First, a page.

They’re back? A Refresher on Schedules, Symptoms, and Supportive Care for Measles
By now, we’ve all heard: Measles is back.
As of May 31, 2019, 7,981 cases of measles had been reported in the U.S in 26 states. Approximately 20% of these are in adults ≥20 years of age. In 1973, prior to the elimination of measles, it was generally considered a disease of childhood, with an incidence of 3% in adults.
Most clinicians practicing today have not seen a measles case in their training, simply because it was declared eliminated in the U.S. in the year 2000. That means there was no continuous disease transmission in this country for longer than 12 months. The current outbreak is due to either to foreign travelers bringing measles cases into the U.S. or from U.S. travelers to other countries bringing it back. These cases can quickly spread in communities with large pockets of unvaccinated individuals.
With the resurgence of a disease thought to be eliminated, healthcare providers are being challenged with how to treat the (still relatively rare) cases of measles they might encounter and how to educate and assuage those who may concerned about their risk of exposure or the strength of their immunity.
Adults and Vaccinations
While most of the focus during this new measles “epidemic” has been on the risk to children, healthcare professionals are also fielding many questions from adults who are uncertain if vaccinations from their youth will continue to protect them from potential exposure.
- Children: First dose at 12 to 16 months
- Second dose at 4 to 6 years
- Catch-up schedule:
- Children: 2 doses ≥ 28 days apart
- Adults: If no evidence of immunity: 1 dose
Adults born before 1957 are considered immune because they likely contracted measles as a child, which afterwards confers life-long immunity. Adults born after 1957 who can verify they were properly immunized as children are also considered immune. There is no harm in getting a vaccine even if you are already immune.
Adults who are immunocompromised are at higher risk if exposed to measles. One of the most important things that can be done for immunocompromised patients is to ensure that their close contacts are vaccinated against measles to try to limit exposure. If an immunocompromised patient has been exposed, immune globulin is given to reduce the risk of infection and associated complications.
Symptoms of Measles
With measles in the news, healthcare professionals may encounter a certain degree of fear from patients in areas where there has been outbreak. Measles is often difficult to recognize in its early stages, and since many clinicians haven’t encountered the disease before, it is important to be aware of the symptoms.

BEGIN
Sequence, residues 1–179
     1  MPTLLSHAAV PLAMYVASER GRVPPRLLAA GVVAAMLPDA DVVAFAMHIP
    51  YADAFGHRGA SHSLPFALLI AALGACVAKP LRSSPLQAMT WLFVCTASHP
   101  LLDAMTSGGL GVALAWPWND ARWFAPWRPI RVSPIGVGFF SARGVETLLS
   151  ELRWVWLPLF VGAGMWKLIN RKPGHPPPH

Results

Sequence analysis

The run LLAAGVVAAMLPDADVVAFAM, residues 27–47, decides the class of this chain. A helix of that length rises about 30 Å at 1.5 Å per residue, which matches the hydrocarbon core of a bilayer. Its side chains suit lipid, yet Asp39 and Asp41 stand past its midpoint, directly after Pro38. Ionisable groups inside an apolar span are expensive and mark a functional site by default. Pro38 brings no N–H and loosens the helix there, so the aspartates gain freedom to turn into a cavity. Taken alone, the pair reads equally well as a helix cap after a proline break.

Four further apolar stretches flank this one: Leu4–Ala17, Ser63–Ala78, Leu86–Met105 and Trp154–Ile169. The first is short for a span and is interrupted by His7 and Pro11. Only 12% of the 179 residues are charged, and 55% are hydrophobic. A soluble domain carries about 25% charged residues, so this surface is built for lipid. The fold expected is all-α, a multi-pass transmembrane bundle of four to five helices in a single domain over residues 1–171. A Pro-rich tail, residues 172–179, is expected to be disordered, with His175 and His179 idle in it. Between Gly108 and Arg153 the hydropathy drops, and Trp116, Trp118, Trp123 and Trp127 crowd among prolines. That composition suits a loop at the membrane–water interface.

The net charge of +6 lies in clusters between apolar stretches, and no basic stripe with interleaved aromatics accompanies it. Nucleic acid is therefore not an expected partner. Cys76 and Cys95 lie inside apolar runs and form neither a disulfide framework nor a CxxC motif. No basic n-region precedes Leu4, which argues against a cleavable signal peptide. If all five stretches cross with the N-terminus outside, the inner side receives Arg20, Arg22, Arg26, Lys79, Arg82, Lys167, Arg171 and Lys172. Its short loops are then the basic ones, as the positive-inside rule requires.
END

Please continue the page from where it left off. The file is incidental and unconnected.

Prodrome symptoms, occurring 10 to 12 days after exposure, include fever, cough, and runny nose, all lasting 2 to 4 days. These also mimic many other common illnesses, which is why it has been difficult for patients and clinicians to recognize measles early.
The more identifiable rash on skin and mucous membranes start about 14 days after exposure, first presenting on the hairline and moving downward over the body over the next few days. The rash typically lasts 5 to 6 days.
Patients are contagious from the prodrome through a few days after rash starts.
What Should Clinicians and Pharmacists Do?
There is no treatment for measles. It is all supportive and comfort care.
Any exposed patient should be encouraged to call their physician, who can access their medical records and help determine if they are immune to measles or need other treatment. Instruct patients to avoid urgent care centers to help limit the spread of measles. However, emergency care should always be sought as appropriate. If symptoms are severe and patients need immediate medical attention, they should be encouraged to call prior to arrival so the medical center can be prepared to keep them away from other patients. Anyone who has been positively diagnosed with measles should be isolated and told to avoid public places.
Healthcare workers, teachers, or anyone in the public sphere who is likely to come in contact with patients with measles should be fully vaccinated. While washing hands and general hygiene measures should be taken, measles is airborne and easily transmissible. Healthcare workers who are exposed may also require immune globulin.
The best way to prevent measles is to immunize. Many people have a fear of vaccinating that is not rooted in legitimate medical science. Healthcare professionals should help dissuade people’s fear with education. It is important to have readily available easy-to-understand, evidence-based patient education materials on measles and the importance and safety of immunizations.
Darcie Streetman, PharmD, is a clinical pediatric pharmacist and Senior Clinical Editor for Neonatal and Pediatric Drug Information, Clinical Effectiveness, at Wolters Kluwer, Health. She attended Ohio Northern University, where she received her pharmacy degree. She then completed both a general practice residency and pediatric specialty residency at the University of Michigan.
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